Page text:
A woman petitioned the court to approve a class-action suit against the company Evo Israel, which she alleges sold olive oil unfit for human consumption.
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She is also seeking permission to file a class action against the Rami Levy supermarket chain. Rami Levy himself, owner of the chain, says he does not think the suit will succeed.
The plaintiffs are seeking NIS 44 million in the class action filed with the Tel Aviv District Court this week. According to the suit, the company sold oil that contained olive waste and posed dangers to human health. The suit names as plaintiffs anyone who bought a bottle of Evo olive oil over the past seven years.
An attorney for Evo, Shahar Cohen, said he had not seen the suit and could not comment.
According to businessman Rami Levy, "I haven't yet seen the suit, but I don't think the court will approve the class action. Rami Levy sells various brands of olive oil, so before any oil enters the stores we ask the importer or manufacturer to present approval from a laboratory stating that it is suited for consumption and meets standards."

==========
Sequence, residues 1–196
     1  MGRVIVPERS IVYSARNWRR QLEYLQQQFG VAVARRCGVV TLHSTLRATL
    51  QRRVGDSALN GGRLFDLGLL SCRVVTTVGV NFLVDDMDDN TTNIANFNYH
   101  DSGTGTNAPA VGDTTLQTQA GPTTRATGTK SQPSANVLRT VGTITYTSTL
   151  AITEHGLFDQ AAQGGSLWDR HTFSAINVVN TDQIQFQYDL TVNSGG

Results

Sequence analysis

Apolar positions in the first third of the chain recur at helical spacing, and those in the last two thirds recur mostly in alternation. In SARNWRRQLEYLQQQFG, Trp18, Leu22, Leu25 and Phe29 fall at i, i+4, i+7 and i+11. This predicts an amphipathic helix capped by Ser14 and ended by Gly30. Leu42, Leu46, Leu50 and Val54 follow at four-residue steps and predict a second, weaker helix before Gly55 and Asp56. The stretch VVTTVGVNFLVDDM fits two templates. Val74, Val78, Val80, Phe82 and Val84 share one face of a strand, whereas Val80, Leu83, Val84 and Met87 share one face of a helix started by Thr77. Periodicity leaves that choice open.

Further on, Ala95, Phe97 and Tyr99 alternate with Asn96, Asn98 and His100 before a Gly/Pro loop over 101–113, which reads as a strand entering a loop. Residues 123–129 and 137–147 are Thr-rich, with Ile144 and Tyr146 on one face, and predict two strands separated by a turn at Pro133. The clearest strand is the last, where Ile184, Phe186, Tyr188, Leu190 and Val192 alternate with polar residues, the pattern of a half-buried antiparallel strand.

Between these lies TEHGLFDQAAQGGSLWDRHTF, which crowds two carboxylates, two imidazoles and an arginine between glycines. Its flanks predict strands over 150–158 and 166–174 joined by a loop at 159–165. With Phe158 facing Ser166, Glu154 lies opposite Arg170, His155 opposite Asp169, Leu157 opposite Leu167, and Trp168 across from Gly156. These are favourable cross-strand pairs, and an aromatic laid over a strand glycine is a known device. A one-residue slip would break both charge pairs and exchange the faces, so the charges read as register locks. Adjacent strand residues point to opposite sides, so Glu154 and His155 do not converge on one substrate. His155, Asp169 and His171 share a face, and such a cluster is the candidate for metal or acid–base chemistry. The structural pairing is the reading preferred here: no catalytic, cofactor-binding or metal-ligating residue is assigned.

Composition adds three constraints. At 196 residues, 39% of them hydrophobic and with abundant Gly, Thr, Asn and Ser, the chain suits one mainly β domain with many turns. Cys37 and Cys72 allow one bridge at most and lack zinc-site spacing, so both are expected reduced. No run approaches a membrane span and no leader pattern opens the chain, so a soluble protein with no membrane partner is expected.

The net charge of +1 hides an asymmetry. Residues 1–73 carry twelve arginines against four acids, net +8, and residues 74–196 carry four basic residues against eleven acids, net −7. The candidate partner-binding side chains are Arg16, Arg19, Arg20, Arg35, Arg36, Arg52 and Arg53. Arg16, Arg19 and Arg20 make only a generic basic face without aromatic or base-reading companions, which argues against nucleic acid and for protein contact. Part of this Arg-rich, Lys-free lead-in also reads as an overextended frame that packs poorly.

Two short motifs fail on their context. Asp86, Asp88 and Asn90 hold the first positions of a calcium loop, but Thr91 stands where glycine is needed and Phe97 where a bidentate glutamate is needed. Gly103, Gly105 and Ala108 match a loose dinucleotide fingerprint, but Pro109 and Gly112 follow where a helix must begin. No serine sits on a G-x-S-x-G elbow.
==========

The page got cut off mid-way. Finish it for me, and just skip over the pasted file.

Requests to file class actions need court approval before the actual class action suit can proceed.
The woman who launched the court proceedings, Anat Regev Adler, says she bought a bottle of oil at Rami Levy's Ramat Gan store that was labeled "Gaya, Galilee Experience." The packaging states the oil is meant for frying, baking and cooking.
According to Rami Levy, "Six months ago, in response to an article in TheMarker, I pulled Gaya olive oil off the shelves and immediately ordered tests to make sure I was selling quality oil that meets the standards." The oil passed every test, but his company stopped working with the manufacturer in any case, he said.
According to the suit, a laboratory test conducted in Italy uncovered the oil's shortcomings. The suit states that Evo produces olive oil for distribution under its own name as well as for other brands, including those sold at Home Center and Neopharm.
"In the days after purchasing the oil, she used it for cooking and frying and noticed that it gave off an unpleasant smell atypical of olive oil," the suit says. Regev Adler bought a second bottle, kept it sealed, and sent the two bottles to a law firm to investigate the matter.
On February 7, an Israeli laboratory sent the sealed bottle to the Italian laboratory that specializes in testing olive oil; it determined that the product was not fit for human consumption, the suit states.